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Q&A With Holden Chariman Denny Mooney

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Times are tough at the red lion. Holden has seen Commodore sales slump this year, it has taken an all-round beating from Toyota in showrooms and has been forced to call an early finish to the Monaro.

It's also had to cut its engineering workforce at Fishermans Bend and has just announced 1400 redundancies after cancelling the third shift at its assembly plant in Adelaide.
It is almost certain to lose its overseas business for the Pontiac GTO, has been forced to cut-price compact cars from South Korea, and has yet to get anything but the VE Commodore sedan approved for sales beyond 2006.

Even the once-unbeatable Holden Racing Team has taken a kicking.

It looks bleak, and some people even joked a fortnight ago that the fire at its engine factory in Melbourne was a self-inflicted wound.

The man who has the blowtorch on his belly is Denny Mooney, the American executive who sits in the big office at GM Holden's shiny new headquarters.






He followed the charismatic Peter Hanenberger into the top job at Holden after the turbocharged German engineer drove the company through its biggest growth period in recent history.

Everything looked good when Hanenberger retired, but now Mooney is steering a troubled ship and plugging leaks.

But the 59-year-old engineer refuses to get bogged down or deflated, even when faced with tough questions this week.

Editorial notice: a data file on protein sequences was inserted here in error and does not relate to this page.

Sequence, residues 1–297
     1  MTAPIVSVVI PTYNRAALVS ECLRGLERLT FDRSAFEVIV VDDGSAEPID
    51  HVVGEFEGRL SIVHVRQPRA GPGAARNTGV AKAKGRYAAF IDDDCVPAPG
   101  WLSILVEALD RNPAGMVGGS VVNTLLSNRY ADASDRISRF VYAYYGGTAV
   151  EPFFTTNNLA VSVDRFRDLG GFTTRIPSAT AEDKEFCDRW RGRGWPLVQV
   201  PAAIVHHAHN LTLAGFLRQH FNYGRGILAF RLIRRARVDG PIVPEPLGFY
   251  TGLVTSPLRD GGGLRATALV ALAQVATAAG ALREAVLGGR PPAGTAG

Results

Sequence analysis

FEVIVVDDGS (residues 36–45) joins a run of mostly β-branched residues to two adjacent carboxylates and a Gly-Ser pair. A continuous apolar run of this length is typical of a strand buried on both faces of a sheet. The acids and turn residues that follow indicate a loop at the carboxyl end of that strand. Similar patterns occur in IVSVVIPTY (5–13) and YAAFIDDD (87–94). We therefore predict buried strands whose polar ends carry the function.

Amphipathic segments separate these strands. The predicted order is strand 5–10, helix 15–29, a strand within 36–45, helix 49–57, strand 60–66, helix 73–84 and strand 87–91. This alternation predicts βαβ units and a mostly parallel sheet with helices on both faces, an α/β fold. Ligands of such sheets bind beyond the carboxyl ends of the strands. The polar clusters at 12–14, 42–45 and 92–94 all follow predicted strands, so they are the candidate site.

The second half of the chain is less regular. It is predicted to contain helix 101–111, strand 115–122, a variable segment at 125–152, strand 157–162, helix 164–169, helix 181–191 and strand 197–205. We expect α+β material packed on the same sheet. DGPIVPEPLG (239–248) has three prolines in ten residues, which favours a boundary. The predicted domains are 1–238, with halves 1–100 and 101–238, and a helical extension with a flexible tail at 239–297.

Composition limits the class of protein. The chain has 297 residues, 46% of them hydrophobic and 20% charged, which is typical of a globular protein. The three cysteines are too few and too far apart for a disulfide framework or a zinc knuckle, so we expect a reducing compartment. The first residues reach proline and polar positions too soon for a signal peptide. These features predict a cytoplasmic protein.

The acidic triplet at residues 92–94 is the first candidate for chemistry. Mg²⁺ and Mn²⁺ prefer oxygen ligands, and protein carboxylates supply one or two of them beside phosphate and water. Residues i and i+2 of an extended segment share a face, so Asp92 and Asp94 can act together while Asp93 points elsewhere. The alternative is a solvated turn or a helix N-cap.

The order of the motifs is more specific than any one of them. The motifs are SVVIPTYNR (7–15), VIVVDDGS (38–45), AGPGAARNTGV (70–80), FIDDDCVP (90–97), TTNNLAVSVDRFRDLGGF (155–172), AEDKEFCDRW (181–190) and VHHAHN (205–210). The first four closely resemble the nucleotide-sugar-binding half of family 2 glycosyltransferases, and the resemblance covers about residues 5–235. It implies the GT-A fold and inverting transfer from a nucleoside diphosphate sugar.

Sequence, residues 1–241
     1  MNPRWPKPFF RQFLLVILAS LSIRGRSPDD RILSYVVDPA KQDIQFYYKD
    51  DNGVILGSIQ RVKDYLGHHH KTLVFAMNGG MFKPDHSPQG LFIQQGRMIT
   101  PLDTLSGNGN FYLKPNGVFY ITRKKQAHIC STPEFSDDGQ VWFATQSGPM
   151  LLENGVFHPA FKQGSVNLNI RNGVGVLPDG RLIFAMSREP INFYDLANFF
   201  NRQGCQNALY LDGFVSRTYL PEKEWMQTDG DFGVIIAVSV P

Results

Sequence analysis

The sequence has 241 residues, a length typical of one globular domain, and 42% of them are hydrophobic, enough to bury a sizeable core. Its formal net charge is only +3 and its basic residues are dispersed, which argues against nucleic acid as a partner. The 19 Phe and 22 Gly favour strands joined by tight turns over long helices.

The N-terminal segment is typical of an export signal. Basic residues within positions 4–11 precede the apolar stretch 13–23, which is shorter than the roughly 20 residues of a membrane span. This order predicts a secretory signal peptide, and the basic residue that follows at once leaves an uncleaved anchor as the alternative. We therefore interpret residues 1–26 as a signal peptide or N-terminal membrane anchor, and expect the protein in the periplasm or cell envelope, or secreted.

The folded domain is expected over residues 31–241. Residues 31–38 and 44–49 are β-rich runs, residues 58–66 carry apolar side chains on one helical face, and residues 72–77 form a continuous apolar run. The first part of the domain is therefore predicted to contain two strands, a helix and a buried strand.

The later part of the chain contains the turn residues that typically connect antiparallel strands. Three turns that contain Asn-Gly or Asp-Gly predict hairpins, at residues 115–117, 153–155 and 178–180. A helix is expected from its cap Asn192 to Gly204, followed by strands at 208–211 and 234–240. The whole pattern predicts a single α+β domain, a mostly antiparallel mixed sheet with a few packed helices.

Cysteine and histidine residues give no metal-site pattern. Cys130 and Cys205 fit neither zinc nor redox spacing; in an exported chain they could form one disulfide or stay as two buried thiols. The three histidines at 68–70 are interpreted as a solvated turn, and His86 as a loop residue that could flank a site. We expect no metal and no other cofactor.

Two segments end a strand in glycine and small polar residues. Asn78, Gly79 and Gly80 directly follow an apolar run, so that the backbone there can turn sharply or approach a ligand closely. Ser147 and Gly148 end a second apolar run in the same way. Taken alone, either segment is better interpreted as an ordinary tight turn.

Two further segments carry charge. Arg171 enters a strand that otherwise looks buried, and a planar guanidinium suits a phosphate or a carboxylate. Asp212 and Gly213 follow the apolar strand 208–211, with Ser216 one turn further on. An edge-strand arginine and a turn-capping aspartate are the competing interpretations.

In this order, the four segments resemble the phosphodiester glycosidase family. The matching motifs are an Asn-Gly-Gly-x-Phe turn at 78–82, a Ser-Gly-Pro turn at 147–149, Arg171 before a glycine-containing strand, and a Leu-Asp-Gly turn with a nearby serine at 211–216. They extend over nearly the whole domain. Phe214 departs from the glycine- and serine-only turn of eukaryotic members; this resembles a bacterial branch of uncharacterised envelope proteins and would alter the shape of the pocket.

How are things at Holden?

Things are pretty difficult right now.

Anytime you make an announcement like we made on the third shift is difficult for everybody. Not just the people at the plant and their families. Everyone wonders what's going on in the business and the future of the business.

It's not unlike what's going on in the auto business worldwide. I tell people that if they don't like cars and you don't like competition, they might not want to be in the auto business.

Is it a crisis?

No, no, it's not a crisis.

It's something we need to do. I call it "right sizing" the business.

The reality is that a two-shift operation in Adelaide is much more appropriate for our demand. I would much rather be capacity constrained than build too many cars.

Our product development operation is strong and has lots of work into the future. We are working on lots of new concepts in vehicles, so we still have a lot of work on our platter.

Even though times are tight, we're still making money.

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